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Hong Kong employees work 48.7 hours per week

The State of Work-Life Balance in Hong Kong 2010 Survey (2010 Survey) continues to show that work-life balance poses significant challenges to employees in Hong Kong and provides a compelling business case for employers to address the issue of work-life balance in their organisations.

Boris Sullivan

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The State of Work-Life Balance in Hong Kong 2010 Survey (2010 Survey) continues to show that work-life balance poses significant challenges to employees in Hong Kong and provides a compelling business case for employers to address the issue of work-life balance in their organisations.

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Community Business has conducted this survey on an annual basis since 2006. In this report we identify key trends over the past five years, take a look at the role of flexible work arrangements as a way to improve the work-life balance of employees in Hong Kong, as well as examine the perspectives of Generation Y, commonly referred to in Hong Kong as the Post 80s generation.

Employees work long hours and their work-life balance is still far from ideal The results of this 2010 Survey reveal that employees work long hours – on average they work 48.7 hours per week. This is 22% higher than the 40 hours recommended by the International Labour Organisation. Despite the fact that employees are spending slightly more time on personal activities (11.4 hours per week in 2010 as compared to 11.2 hours in 2009), the actual work-life ratio is still far from what employees consider ideal (actual work-life ratio: 83:17; preferred work-life ratio: 61:39).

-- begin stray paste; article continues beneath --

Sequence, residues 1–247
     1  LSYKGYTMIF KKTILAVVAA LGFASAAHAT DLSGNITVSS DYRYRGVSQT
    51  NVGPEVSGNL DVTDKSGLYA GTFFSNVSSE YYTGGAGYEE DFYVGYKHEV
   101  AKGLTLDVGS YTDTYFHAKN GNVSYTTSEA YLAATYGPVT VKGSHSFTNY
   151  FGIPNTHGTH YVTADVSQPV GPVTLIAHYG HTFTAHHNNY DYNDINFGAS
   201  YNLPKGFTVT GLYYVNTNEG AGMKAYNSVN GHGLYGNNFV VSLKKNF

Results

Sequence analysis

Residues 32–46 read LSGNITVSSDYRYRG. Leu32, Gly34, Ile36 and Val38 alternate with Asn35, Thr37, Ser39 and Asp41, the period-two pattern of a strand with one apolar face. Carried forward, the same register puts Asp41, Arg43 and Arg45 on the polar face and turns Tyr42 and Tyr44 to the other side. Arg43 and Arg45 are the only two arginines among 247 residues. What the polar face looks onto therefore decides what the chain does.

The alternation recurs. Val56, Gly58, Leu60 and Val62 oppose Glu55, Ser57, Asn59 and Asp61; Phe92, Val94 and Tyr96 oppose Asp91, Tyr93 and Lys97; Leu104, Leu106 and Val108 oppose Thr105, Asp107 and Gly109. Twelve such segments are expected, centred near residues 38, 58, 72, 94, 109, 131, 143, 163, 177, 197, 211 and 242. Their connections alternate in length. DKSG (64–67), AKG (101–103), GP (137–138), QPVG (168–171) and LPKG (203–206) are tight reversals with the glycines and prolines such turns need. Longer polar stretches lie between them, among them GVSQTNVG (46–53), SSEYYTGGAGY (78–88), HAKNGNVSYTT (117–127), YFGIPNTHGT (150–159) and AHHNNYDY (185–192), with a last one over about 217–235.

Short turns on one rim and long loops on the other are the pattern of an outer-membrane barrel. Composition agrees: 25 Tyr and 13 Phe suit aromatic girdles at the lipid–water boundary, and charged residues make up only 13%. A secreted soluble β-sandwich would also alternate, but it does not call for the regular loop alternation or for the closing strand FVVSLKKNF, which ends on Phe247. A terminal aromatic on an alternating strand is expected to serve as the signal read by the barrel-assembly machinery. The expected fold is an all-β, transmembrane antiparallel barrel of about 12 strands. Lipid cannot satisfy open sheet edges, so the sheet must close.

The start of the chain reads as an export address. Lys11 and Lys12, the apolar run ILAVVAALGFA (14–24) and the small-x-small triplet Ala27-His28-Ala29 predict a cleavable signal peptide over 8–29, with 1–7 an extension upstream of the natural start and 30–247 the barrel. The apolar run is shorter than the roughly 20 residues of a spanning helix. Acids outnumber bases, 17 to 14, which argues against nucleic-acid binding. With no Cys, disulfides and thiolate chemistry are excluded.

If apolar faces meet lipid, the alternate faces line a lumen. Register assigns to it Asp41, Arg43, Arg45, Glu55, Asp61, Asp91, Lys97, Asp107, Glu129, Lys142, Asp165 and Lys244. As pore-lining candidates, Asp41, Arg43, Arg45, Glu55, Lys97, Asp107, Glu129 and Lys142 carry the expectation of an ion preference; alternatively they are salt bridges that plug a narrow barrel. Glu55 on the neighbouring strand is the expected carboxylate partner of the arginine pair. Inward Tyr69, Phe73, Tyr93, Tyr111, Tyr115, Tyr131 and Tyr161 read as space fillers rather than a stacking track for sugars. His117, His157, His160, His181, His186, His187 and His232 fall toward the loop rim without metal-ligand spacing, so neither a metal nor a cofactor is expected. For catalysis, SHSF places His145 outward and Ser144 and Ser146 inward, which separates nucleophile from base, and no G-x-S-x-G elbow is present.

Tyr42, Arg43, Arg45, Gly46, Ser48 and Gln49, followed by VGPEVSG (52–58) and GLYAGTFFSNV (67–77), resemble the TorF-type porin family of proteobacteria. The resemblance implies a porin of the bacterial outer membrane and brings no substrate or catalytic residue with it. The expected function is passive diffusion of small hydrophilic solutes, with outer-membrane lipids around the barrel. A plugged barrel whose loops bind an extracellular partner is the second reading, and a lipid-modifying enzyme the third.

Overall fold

In addition, employees give a score of only 5.7 out of 10 for the extent to which they think their ideal work-life balance has been achieved. Business case: negative impact of poor work-life balance and risk of losing talent Over three-quarters of employees (77.7%) report that they have encountered problems related to health, family and productivity due to poor work-life balance. The results also reveal alarmingly that more employees are considering alternative employment – almost four out of ten employees (39.0% in 2010 as compared to 30.1% in 2009) cite that they would consider leaving their current job for better work-life balance.

This finding highlights clearly that employers who fail to take the issue of work-life balance seriously risk losing significant numbers of their workforce. Employees’ work-life balance has improved slightly since 2006 – however, employees’ satisfaction with work and life has remained unchanged Based on the working hours of employees and their actual work-life ratio over the past five years (see Figure 1 and 2a on page 5), employees’ work-life balance has gradually improved over the years. Encouragingly too, more employees are offered a 5-day work week in 2010 (45.7%) compared to 2007 (35.0%).

However, despite this slight improvement, employees continue to give a relatively low score (5.7 out of 10) for the extent to which they think their ideal work-life balance has been achieved, reflecting that their overall level of satisfaction with their work-life balance remains unchanged. This suggests that employees expectations regarding work-life balance are rising. This is further supported by the trend that since 2008, employees’ desire for more personal time has increased (preferred work-life ratio: 62.3:37.7 in 2008; 61.6:38.4 in 2009; 61.0:39.0 in 2010).

More infomation here http://www.communitybusiness.org/images/cb/publications/2010/WLB%20eng%20R3.pdf

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